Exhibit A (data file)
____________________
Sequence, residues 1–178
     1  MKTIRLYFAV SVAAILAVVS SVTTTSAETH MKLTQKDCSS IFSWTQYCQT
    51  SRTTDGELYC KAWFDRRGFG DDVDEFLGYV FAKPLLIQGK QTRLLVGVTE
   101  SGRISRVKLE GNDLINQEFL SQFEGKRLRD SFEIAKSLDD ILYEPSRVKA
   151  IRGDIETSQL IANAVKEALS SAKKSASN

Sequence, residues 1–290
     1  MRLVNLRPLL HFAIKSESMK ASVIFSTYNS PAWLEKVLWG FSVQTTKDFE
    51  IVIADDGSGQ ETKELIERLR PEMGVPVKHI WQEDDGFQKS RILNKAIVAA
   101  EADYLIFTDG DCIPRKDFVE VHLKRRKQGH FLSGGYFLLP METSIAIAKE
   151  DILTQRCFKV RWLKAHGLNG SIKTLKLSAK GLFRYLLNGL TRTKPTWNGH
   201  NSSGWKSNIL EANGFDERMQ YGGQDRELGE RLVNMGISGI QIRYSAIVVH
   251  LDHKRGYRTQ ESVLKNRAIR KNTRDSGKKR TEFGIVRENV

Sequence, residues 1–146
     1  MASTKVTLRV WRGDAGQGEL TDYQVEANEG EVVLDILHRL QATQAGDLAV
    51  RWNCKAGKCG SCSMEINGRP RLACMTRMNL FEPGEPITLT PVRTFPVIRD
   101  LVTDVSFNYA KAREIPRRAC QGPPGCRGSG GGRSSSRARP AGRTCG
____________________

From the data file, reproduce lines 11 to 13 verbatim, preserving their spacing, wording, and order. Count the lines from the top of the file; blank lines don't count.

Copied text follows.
   201  NSSGWKSNIL EANGFDERMQ YGGQDRELGE RLVNMGISGI QIRYSAIVVH
   251  LDHKRGYRTQ ESVLKNRAIR KNTRDSGKKR TEFGIVRENV

Sequence, residues 1–146